Cindy Bishop: Embodying “Beautiful Without Ivory”

Counter-wildlife trafficking is traditionally considered a male-dominated field, but women have been breaking the bias through leadership roles in wildlife demand reduction, policymaking, as well as law enforcement. Supermodel and actress Cindy Bishop, has exemplified this leadership by lending her star power to the “Beautiful without Ivory” campaign that has resulted in the successful reduction of demand for ivory in Thailand. USAID, through the Reducing Demand for Wildlife project, is continuing this and other existing social and behavior change (SBCC) campaigns in China and Thailand, while also piloting a new campaign to dissuade tourists from buying illegal wildlife products. For International Women’s Day, USAID’s counter wildlife trafficking champion Cindy Bishop, who is also an Ambassador for UN Women, talks about promoting a wildlife-free lifestyle as a supermodel and social influencer:

My involvement in conservation efforts stems from growing up as my father's daughter. He was a pioneer in scuba diving in Thailand and so for most of my childhood, I spent my time exploring the underwater world by his side, and that really gave me my first love of nature and conservation because I realized that there's a whole other world outside of us. It was a natural progression then to become the ambassador for Fin-Free Thailand, advocating against eating shark fin soup. 

As a model and as an actress, I've always said no to wearing fur, or modeling any kind of jewelry that was made from ivory and exotic animal parts. It felt very wrong to me. So it was a no-brainer for me to be a part of USAID’s “Beautiful Without Ivory” campaign. In my own small way, I would help reduce the demand for wildlife products.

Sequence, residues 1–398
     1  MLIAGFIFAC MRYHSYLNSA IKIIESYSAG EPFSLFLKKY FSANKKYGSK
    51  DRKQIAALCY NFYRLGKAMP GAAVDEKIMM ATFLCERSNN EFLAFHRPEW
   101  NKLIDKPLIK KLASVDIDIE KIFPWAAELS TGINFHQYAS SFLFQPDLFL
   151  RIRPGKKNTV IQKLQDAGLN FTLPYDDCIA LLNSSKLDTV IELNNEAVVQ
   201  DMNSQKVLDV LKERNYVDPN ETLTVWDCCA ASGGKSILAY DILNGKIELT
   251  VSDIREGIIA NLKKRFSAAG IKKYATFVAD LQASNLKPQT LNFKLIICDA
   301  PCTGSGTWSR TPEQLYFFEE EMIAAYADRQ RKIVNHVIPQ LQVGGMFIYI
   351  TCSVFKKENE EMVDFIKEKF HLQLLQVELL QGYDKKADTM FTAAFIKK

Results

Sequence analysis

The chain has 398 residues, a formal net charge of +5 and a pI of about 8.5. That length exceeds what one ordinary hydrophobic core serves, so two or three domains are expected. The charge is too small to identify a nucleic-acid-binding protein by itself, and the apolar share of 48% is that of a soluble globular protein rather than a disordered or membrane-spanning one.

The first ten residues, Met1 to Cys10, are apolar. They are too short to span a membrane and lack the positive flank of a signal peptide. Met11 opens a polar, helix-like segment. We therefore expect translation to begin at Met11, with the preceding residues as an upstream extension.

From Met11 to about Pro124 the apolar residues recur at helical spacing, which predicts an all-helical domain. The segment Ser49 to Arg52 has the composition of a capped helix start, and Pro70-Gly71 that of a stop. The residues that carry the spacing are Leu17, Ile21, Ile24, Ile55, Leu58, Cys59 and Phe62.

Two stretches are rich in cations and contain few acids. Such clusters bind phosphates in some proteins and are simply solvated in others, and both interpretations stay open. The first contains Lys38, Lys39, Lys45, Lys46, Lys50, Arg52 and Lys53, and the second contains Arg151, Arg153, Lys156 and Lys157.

As someone who has been in the fashion industry now for almost 30 years, I do see a shift away from using wildlife products. Most brands now are in tune with sustainability issues. People now care more about where this product came from, or what kind of practices a particular brand or label supports. However, there are some perhaps more exclusive labels or brands that do still cater to demand for wildlife products because there is obviously a market for that. The challenge is then: How do we as an industry do more to promote sustainable products and really take a stance against using animals or products that are detrimental to environmental conservation? How do we expand the wildlife-free movement in the fashion and lifestyle

I think it definitely has to be a collaborative effort, both from the brands themselves and the consumers. The models and influencers taking a stance and saying, “No, I don’t support this,” puts pressure on the designers to find a different material to use. And, again, social media is such a powerful tool, and as you can see from USAID’s “Beautiful without Ivory” campaign, it really does have the power to change attitudes, opinions, and ultimately behaviors. As to being an “influencer” and championing a wildlife-free lifestyle, I can only speak for myself. “Influencer” is quite a new word that came with social media. I realize that it is now very much a part of my work. More than just being a public face, people look to you for inspiration. They are inspired by
who you are and what you represent. And so, for influencers and celebrities, you really need to be quite authentic with yourself and your followers about what you stand for. The choices that you actually make in your everyday life are so important, whether it be using reusable straws, not using plastic bags, or recycling. Do you walk the talk?

Personally, my family has made a pledge to never ride an elephant again, and at first it was a little bit tricky to explain that to our children. But this is what we have decided as a family and we talked about it with the children and said there are so many other ways to experience these magnificent creatures, without having to ride their backs or forcing them to do silly tricks like painting or football. You can walk with them in their natural environment, appreciate them for what they are: magnificent yet extremely vulnerable creatures. It’s really a matter of being a role model. Why would you want to sit above an elephant when you can have the experience of literally walking with them? We have to get away from this mindset that we have to dominate everything. We’ve done that, and the world is now overheating. It’s just not sustainable. Watch the “Beautiful without Ivory” video here.